Legally Tiny

In 2015 I had an idea for a site–I wanted to share the stories of people who had found a way to live in a tiny house legally. Finding a place where the regulations and zoning allow building a tiny home, or allow living in a tiny house on wheels, can be a challenge–and in fact, it’s probably the biggest stumbling block for most tiny house lovers. And since it would be impossible for one person to collect the regulations for every state, county, and city in the United States, and even more impossible to try and track all the zoning in those same areas, a database of places seemed like a bad idea. Regulations and zoning can be fluid–changing all the time–and even if a regulation appears fairly fixed, it may be possible to find a way around it with a variance or conditional use permit. So a static database was definitely not the answer.

But a site where I could collect the stories of people who had found a way to live legally in their tiny house? That could be interesting!

During a lull in my schedule during law school, I bought a domain, and LegallyTiny.com was launched. I found some good stories to link to, mostly on YouTube. But when the demands of school took over my life again, I didn’t keep up the site. My feeling was that it would be there, when I was ready to get back to it, and it would still be a good idea, whenever I got back to it…

This week I finally got back to it! And I do still think it’s a good idea, and that it will be useful for anyone thinking of building or buying a tiny house. There isn’t much content on the site yet, but you can browse for stories based on a particular state or city, or you can look for stories about tiny houses on a foundation or on wheels.

A lot has happened legally in the tiny house world, since I started the site in 2015–there is now a section of the IRC building code on tiny houses, which is a huge deal. So it’s a good time to be starting a site on the changes to that world. I’m looking forward to what comes next, and I hope if you have an interest in tiny houses, you’ll check out my first new post in a while, where I ask the question, How Big is a Tiny House?

LegallyTiny.com

Those who inspire us to dream bigger…

Back in 2011, while I was sick and not capable of doing much, I started to follow two blogs, both by women building their own tiny houses: Macy Miller and Ella Jenkins. At first it wasn’t as much about them both being women, as it was me just liking their houses, and enjoying the way they wrote about the building process. But over time, I grew more and more inspired by them both. Neither had any building experience, and both were doing most of the work themselves, with a little expert advice, when needed. Their two houses could not have been more different–Macy’s was artistic and modern, and Ella’s was traditional and a little whimsical–and I loved watching it all come together, over the months, on their blogs.

Since then I’ve become friends with Macy. I help her moderate a Facebook group with over 40,000 members, called Tiny House People, and when I was building my own house, I went to her for advice on the structural engineering, since she’s an architectural designer, and extremely knowledgable on the topic of tiny houses! Her house has been featured in Dwell Magazine and TIME Magazine, and may be the most well-known tiny house on the planet.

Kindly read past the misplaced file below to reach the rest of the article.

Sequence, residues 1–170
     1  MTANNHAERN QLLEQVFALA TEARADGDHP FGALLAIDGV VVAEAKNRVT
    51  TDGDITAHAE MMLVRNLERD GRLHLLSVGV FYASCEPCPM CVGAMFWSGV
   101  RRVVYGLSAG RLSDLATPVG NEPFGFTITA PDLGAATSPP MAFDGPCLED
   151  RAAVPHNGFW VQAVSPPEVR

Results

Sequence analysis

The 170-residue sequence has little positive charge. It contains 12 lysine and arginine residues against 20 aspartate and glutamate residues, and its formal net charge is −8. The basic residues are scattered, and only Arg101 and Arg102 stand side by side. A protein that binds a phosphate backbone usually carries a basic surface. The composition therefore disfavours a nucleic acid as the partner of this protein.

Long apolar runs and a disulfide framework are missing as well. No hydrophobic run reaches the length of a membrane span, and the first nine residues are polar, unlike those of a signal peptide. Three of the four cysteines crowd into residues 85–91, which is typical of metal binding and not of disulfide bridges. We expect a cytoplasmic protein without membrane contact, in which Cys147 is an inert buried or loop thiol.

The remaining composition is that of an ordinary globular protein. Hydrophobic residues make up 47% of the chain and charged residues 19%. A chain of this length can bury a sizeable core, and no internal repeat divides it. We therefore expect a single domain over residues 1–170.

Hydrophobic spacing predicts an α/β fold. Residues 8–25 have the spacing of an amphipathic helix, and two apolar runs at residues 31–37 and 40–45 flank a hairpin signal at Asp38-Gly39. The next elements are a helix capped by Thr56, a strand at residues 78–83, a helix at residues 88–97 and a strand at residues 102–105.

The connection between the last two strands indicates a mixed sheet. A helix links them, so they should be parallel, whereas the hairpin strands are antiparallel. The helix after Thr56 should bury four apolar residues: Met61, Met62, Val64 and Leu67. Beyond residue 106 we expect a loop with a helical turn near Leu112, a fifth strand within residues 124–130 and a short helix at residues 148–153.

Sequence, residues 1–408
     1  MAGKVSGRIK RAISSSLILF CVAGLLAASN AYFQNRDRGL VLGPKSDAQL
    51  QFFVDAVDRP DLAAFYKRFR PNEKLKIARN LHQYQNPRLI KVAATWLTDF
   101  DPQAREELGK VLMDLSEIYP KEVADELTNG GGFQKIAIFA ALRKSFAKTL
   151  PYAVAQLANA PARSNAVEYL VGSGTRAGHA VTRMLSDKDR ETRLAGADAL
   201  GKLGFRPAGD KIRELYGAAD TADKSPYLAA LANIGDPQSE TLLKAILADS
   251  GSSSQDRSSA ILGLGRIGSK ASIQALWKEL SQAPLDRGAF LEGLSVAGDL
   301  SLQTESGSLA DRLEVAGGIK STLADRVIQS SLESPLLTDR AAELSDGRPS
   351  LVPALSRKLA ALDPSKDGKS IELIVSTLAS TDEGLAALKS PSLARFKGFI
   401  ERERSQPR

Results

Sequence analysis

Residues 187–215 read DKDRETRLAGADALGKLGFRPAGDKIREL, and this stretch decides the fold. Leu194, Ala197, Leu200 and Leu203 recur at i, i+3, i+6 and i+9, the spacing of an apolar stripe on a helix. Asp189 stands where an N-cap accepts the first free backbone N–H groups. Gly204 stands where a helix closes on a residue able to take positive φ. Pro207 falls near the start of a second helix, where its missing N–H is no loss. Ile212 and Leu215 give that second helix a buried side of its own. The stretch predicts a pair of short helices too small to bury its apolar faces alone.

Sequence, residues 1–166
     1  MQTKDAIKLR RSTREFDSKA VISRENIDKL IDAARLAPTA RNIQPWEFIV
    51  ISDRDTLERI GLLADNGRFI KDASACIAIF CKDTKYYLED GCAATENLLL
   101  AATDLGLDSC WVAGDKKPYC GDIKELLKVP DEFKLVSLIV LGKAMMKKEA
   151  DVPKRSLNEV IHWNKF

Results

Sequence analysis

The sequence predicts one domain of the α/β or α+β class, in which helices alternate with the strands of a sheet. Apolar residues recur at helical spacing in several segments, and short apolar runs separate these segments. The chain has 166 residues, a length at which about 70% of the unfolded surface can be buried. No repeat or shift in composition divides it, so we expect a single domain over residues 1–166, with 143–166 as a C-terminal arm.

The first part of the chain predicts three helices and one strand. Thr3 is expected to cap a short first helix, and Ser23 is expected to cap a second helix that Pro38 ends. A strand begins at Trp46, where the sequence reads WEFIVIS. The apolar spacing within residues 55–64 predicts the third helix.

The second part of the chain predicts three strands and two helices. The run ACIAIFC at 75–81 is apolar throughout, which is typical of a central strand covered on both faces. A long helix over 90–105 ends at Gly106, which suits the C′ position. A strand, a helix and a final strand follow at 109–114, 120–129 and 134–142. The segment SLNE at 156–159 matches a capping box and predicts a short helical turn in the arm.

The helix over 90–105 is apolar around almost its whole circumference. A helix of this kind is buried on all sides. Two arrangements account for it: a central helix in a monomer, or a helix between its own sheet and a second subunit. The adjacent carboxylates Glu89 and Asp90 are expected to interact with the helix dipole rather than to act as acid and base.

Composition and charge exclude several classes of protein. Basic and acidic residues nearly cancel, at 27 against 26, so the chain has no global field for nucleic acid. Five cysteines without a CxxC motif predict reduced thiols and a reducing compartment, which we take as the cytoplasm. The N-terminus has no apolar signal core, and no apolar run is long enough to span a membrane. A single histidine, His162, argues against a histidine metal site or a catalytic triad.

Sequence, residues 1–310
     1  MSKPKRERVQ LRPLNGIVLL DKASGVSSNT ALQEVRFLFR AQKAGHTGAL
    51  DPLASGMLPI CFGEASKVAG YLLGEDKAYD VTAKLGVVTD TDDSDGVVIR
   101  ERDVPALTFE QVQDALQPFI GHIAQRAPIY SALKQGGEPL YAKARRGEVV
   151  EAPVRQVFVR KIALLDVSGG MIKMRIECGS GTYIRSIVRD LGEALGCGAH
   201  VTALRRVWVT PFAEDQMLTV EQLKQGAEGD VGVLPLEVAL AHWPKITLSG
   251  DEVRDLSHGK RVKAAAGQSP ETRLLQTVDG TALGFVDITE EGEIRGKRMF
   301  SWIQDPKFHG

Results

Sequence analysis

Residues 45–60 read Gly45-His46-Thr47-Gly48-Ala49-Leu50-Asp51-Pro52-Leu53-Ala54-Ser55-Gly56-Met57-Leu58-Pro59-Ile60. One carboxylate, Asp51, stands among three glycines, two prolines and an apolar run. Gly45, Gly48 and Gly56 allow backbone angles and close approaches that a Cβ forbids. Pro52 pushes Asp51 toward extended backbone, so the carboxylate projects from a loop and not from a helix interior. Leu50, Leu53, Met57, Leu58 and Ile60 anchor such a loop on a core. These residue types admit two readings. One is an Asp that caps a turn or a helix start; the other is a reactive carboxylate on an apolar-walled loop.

Then tonight I came across a comment from Ella on a post on Facebook, and seeing her name sparked all these happy memories of reading her blog, all those years ago. So I clicked on her name and the first post on her timeline was a video for a song she just recorded. She plays the harp, and actually included a tiny room for her harp, in her tiny house. I remember hearing an earlier version of this song, “It Ain’t Workin,” several years ago. But this version is more polished, and her voice is amazing!

So I’m sharing that video from Ella, and while I’m at it I also want to share my favorite of all the videos that feature Macy–it was made by the Google SketchUp Team, and it’s pretty great!

I think it takes a certain kind of personality type to want to build your own house, and it takes real guts to actually make it happen, so kudos to anyone who has ever built their own dream house! And special appreciation to the people who inspire us to dream bigger, and do more–and both of these women fit that description for me, and for so many others. Both of them are incredibly inspiring, for so many reasons!

 
And perhaps it’s even more inspiring to see what they’ve done after they built their houses.  Both have continued to dream big, and are accomplishing big things. Macy has been on the road for a year, with her family, in a tiny camper they built–so a second tiny home for the road–and she’s documenting it all. And Ella has released an album, and now a video.

Macy always says “it’s not about the house, it’s about the lifestyle the house provides,” and I agree. I also think that doing something really big, like building a house, even a tiny one, can change your life forever. Make your life bigger and better, and more fulfilling. Give you the courage to go after new challenges… Because honestly? If you’ve built a house, you can do anything!

 

Happy New Year!

The first day of 2018 was gloriously beautiful in Trinidad! The sun shone, and it was good…

Here’s to an excellent year ahead! Happy new year everyone!

Trinidad, California

Trinidad, California

Trinidad, California

Trinidad, California

Trinidad, California

Trinidad, California

Trinidad, California

Trinidad, California

Trinidad, California

Trinidad, California

Trinidad, California
This shot looks like an ad for a car, and it made me wish I could get a shot of my own car in this spot? Maybe someday…

Trinidad, California

New Years Eve in Humboldt County

A crowded beach day in Humboldt County...
A crowded beach day in Humboldt County…

Moonstone Beach
Moonstone Beach

Moonstone Beach
Moonstone Beach

Moonstone Beach
Moonstone Beach

Moonstone Beach